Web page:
Research in our laboratory focuses on the regulation of gene expression by nuclear hormone receptors; a superfamily of DNA-binding transcription factors that turn on or turn off genes in response to the direct binding of small molecules. Included in this superfamily are the well-known receptors for male and female sex hormones, however, other members of the superfamily regulate pathways that control metabolism. In particular, the liver x receptors (LXRalpha and LXRbeta) directly bind cholesterol metabolites that accumulate when cholesterol levels are high. In response to binding these ligands, LXRs regulate genes that control the bodyâs ability to transport and eliminate cholesterol. Using genetic knockouts in mice and synthetic small molecule activators we have shown that the LXRs play important roles in limiting the progression of cardiovascular disease and they can reverse established heart disease in animal models. Currently we are exploring exciting links between fat metabolism and the inflammatory response that occurs in response to alterations in diet and to infectious agents. We have also initiated projects utilizing a novel mouse model developed in the lab that allows precise control of the development of liver disease and liver. The laboratory employs a combination of state of the art techniques including genome-wide analysis of transcription, measures of gene expression in single cells, metabolite profiling and animal models of diseases. We believe that the combination of these approaches will provide an unprecedented look at regulation of gene expression in response to changes in diet and in the environment.
An exciting feature of nuclear hormone receptors in that these transcription factors were designed by nature to be regulated by the direct binding of small molecules. Not surprisingly members of the nuclear receptor superfamily are the targets of drugs used for the treatment of numerous diseases including cancer, type II diabetes, and inflammatory diseases. The beneficial effects of drugs targeting nuclear receptors, however, are often compromised by unwanted side effects. We are developing novel approaches to identify small molecules that only control a sub-set of the genes regulated by well-studied nuclear receptor ligands with the goal of identifying drugs that maintain beneficial activities while decreasing negative side effects.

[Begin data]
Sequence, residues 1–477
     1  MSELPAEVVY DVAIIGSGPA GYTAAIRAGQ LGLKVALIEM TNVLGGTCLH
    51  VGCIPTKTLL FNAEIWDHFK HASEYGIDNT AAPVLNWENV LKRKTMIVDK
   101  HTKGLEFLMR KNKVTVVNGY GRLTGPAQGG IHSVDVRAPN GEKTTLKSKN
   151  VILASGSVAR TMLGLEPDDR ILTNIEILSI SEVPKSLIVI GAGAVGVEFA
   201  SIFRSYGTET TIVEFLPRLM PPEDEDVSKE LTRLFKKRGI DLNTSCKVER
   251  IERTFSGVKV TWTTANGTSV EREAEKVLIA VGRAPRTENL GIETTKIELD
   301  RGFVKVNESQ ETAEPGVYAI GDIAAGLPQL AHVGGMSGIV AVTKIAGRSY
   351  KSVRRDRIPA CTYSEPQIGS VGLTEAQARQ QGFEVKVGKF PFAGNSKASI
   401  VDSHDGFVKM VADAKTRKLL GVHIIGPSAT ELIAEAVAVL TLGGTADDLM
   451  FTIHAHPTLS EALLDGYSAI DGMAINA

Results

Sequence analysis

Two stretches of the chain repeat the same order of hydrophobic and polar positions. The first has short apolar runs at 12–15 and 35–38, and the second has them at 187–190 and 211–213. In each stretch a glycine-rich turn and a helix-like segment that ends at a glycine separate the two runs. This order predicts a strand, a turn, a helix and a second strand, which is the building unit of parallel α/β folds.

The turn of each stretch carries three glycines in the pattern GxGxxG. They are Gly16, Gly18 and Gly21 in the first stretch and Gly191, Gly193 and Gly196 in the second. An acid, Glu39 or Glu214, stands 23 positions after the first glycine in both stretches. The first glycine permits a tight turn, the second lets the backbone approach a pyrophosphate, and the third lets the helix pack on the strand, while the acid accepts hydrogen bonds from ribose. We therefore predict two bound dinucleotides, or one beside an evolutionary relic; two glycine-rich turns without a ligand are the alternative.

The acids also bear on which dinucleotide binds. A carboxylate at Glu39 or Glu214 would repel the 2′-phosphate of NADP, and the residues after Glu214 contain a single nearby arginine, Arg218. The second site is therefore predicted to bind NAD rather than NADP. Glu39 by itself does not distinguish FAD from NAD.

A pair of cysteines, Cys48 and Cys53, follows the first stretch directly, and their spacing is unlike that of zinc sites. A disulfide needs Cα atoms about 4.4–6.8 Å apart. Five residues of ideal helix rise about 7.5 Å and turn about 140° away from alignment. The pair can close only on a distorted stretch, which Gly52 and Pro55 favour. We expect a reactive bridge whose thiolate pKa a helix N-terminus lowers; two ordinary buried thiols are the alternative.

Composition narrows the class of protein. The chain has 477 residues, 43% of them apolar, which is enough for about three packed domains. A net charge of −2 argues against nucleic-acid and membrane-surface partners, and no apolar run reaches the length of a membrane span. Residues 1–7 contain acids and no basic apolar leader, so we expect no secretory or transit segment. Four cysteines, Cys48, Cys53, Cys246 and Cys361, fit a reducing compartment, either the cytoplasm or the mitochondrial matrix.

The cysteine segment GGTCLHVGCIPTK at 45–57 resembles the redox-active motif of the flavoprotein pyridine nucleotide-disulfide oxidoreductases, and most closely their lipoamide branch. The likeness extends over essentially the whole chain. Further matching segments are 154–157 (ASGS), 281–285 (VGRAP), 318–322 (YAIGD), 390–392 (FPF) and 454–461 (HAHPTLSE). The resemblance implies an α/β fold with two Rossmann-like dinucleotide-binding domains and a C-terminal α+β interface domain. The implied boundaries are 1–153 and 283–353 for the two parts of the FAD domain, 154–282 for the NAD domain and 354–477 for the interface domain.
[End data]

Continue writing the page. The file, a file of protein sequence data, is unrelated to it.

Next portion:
Training

  • Training in the Pharmacological Sciences

Selected Publications

Russo-Savage L., Schulman I. G., Liver X receptors and liver physiology, 2021; Biochim Biophys Acta Mol Basis Dis. 1867(6) 166121. PMID:

Liebergall S. R., Angdisen J., Chan S. H., Chang Y., Osborne T. F., Koeppel A. F., Turner S. D., Schulman I. G., Inflammation Triggers Liver X Receptor-Dependent Lipogenesis, 2020; Mol Cell Biol. 40(2) . PMID:

Belorusova A. Y., Evertsson E., Hovdal D., Sandmark J., Bratt E., Maxvall I., Schulman I. G., Akerblad P., Lindstedt E. L., Structural analysis identifies an escape route from the adverse lipogenic effects of liver X receptor ligands, 2019; Commun Biol. 2() 431. PMID:

Adamson S. E., Polanowska-Grabowska R., Marqueen K., Griffiths R., Angdisen J., Breevoort S. R., Schulman I. G., Leitinger N., Deficiency of Dab2 (Disabled Homolog 2) in Myeloid Cells Exacerbates Inflammation in Liver and Atherosclerotic Plaques in LDLR (Low-Density Lipoprotein Receptor)-Null Mice, 2018; Arterioscler Thromb Vasc Biol. 38() 1020-1029. PMID: | PMCID: 29599136

Schulman I. G., Liver X receptors link lipid metabolism and inflammation, 2017; FEBS Lett. 591(19) 2978-2991. PMID:

Gaykema R. P., Newmyer B. A., Ottolini M., Raje V., Warthen D. M., Lambeth P. S., Niccum M., Yao T., Huang Y., Schulman I. G., Harris T. E., Patel M. K., Williams K. W., Scott M. M., Activation of murine pre-proglucagon-producing neurons reduces food intake and body weight, 2017; J Clin Invest. 127(3) 1031-1045. PMID: